I just completed my first full-week on the Hill!

I have learned all the basics of being an intern: Answering the phone, sorting mails, sitting at the front desk, searching for places in the expansive Capitol underground tunnel…. While I do not think that I have mastered everything yet, I think I am on the right track. I have learned to pick up my mistakes as I go.

What really comforts me is that everyone in the office has just been incredibly generous and friendly to me. Some staffers interned on the Hill in their younger days, if not in the same office! They definitely understand most emotions that I’m going through – the never-ending excitement, nerves, frustration – and are always willing to offer advice and help.

Writing decision memos for my Congresswoman (we refer to her as just Niki) and her staffers has just been one of the most direct, enriching learning experiences I’ve had in my life. During my interview for this internship, my intern coordinator told me that I’d actually help researching bills and letters so that the Congresswoman would be informed on the issues. I never expected that I would actually do that as much as I do right now. It has only been my second week, but I’ve already completed two decision memos on two very different topics – one on environmental issues and one on customer protection. In order to inform the staffers and the Congresswoman on the issue, I have to become informed on the issue first. So, essentially, as I write these memos, I try to absorb as much knowledge as I can and then shoot it out in plain words.

Niki has been the best boss that one can hope for. On Wednesday after the shooting in which four people were shot, including House Majority Whip Steve Scalice, Niki bought pizza for the entire office and invited us to eat lunch in her office. She offered any assistance that she could provide for us. The next day, she bought the entire office tickets to see the Congressional baseball game. She even sat with us, not with other members and important people like Ivanka Trump or Wolf Blitzer in the VIP section, and bought us hot dogs!

And the game itself was just a phenomenon experience. To show solidarity after the tragic event that took place the day before, almost 25,000 people attended the event. Continuing the 108 years tradition of overlooking ideology differences and competing political agendas, Democrats and Republicans put on their baseball gears and and come together to play a charity baseball game. With the exceptions of a few people who played in college, none of the players were professionals – some of them even seemed a little too old to swing the bat – but it was still a wonderful gathering. Staffers brought their families, interns brought friends: Everyone sat together eating classic ballpark food, drinking beer (I didn’t have one because I’m not 21), and jabbing about the Presidents’ Race or other silly things in life. (Dems crushed the Republicans, by the way, and won 11-2!!)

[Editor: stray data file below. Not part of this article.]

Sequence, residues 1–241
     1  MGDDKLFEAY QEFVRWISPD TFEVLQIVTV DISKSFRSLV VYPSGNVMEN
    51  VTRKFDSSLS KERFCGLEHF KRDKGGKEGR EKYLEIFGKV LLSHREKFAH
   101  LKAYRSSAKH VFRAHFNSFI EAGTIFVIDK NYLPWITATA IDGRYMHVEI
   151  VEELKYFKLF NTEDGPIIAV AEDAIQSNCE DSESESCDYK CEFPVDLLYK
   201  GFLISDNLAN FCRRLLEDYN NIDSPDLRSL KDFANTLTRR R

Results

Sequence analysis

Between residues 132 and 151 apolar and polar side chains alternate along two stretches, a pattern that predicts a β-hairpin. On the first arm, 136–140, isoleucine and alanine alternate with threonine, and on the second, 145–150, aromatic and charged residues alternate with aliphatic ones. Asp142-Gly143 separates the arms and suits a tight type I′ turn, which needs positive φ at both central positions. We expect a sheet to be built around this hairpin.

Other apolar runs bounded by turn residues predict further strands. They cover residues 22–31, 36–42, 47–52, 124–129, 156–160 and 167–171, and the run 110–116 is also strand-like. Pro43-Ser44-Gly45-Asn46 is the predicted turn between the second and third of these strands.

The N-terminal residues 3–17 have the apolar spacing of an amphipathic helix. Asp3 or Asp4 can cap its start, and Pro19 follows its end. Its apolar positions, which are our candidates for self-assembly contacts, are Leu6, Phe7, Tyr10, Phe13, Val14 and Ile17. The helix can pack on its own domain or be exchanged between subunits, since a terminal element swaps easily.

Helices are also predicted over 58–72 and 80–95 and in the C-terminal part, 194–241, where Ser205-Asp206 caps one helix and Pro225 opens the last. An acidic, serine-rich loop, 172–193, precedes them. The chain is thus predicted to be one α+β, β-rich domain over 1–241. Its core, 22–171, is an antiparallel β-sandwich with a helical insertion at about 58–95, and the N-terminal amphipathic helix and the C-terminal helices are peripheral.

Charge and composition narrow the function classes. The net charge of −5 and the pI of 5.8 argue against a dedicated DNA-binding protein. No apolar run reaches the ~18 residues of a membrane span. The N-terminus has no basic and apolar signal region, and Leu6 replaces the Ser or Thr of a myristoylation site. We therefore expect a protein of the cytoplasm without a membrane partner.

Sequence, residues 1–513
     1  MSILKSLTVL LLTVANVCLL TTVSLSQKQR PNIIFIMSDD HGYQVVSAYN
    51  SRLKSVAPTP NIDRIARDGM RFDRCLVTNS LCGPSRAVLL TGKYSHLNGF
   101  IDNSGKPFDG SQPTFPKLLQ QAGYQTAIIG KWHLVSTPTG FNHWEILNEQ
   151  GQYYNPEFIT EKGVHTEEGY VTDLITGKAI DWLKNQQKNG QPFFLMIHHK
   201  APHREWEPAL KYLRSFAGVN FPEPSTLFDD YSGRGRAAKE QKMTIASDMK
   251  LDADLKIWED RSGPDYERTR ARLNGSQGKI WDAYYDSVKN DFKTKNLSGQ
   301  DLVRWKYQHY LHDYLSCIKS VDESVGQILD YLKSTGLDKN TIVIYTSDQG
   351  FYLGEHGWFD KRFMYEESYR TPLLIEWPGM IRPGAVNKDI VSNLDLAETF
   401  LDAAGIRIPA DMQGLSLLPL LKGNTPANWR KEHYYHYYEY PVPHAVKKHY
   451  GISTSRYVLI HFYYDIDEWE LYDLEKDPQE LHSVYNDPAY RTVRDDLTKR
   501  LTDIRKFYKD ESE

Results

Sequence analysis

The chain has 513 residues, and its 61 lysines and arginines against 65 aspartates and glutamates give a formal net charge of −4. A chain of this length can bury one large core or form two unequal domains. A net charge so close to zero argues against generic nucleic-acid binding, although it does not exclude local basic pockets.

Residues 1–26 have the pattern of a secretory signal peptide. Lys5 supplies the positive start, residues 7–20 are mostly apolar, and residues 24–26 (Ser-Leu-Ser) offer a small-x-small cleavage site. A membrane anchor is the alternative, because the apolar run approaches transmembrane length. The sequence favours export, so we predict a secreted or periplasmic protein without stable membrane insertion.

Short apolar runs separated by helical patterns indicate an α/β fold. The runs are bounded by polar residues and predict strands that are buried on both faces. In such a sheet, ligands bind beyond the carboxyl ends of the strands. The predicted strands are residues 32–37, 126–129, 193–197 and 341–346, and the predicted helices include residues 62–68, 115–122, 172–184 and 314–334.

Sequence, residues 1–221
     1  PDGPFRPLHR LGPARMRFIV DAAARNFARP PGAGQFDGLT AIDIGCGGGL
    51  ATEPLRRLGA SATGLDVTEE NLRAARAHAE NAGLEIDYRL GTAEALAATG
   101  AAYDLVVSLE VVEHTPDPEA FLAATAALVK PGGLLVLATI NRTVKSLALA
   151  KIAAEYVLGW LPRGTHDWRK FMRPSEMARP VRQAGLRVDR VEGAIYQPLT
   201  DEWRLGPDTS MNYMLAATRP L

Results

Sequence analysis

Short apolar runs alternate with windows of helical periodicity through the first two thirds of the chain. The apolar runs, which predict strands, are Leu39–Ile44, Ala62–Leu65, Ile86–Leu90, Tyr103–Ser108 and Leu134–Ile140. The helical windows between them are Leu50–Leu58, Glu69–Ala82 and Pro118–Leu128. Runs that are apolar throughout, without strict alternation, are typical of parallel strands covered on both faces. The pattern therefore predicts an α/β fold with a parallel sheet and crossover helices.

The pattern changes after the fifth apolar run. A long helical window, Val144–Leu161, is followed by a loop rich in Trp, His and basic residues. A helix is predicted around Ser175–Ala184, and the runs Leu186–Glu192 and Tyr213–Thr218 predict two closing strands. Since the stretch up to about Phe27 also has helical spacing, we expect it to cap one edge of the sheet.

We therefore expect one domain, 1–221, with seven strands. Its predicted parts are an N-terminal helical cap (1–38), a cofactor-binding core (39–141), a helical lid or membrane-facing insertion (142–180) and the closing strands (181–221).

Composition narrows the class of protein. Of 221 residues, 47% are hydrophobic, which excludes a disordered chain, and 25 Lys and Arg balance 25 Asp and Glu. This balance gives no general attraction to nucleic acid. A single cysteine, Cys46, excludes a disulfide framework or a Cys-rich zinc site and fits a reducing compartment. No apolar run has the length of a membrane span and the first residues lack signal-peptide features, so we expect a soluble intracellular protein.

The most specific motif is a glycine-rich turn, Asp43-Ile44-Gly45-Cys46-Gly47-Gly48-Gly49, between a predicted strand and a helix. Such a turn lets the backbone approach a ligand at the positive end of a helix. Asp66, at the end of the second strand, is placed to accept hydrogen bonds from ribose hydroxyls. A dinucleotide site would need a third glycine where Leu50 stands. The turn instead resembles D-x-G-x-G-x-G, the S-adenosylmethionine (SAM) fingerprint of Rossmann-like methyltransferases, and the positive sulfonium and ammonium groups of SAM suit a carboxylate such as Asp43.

Especially after the shooting, the country now calls more urgently for unity. While I cannot say that I agree with the current administration or Republican lawmakers on many issues, I know, for sure, that all of us want to make this country, and this world, a  better place. We differ, greatly, on how to achieve that goal, but ultimately we are all here trying to help those in need and make a difference big or small.

At the end of the day, we are united in our love for life, liberty, and the pursuit of happiness. And hotdogs,  sriracha, non-crowded metro trains, free Soul Cycle classes, Congressional briefings on topics one has no idea about but still attends because of free lunch……

Before I started my internship, I found out that a Congressman who had had some very terrible, anti-Muslim posts on his Facebook page works two doors down from my office. I was petrified and even considered taking a different route to the elevators. A week later, I now realize that there is nothing to fear. His fun-loving, smart staffers and interns are just like the fun-loving, smart staffers and interns in my office. We might have different opinions on many, many, many issues and don’t interact much socially, but we are all here for the same reason.

This is by far the best lesson I’ve learned since I arrived in D.C.: Always seek for the common love and emotions that we share.  Don’t look for reasons to dislike anyone and give everything a chance. With an open mind, I soon find that, without knowing who their boss is, I can even still have a very nice conversation with interns from the office of a senator who I detested during the election!

(Me and other interns from my office holding the hotdogs that Niki bought us!)